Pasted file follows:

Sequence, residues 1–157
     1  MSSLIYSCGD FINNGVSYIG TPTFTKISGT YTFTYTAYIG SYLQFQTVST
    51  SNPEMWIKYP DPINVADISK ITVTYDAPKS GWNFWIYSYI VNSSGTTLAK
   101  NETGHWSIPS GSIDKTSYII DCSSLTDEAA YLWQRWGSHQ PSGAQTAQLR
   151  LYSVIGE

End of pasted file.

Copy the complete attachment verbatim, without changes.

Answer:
Sequence, residues 1–157
     1  MSSLIYSCGD FINNGVSYIG TPTFTKISGT YTFTYTAYIG SYLQFQTVST
    51  SNPEMWIKYP DPINVADISK ITVTYDAPKS GWNFWIYSYI VNSSGTTLAK
   101  NETGHWSIPS GSIDKTSYII DCSSLTDEAA YLWQRWGSHQ PSGAQTAQLR
   151  LYSVIGE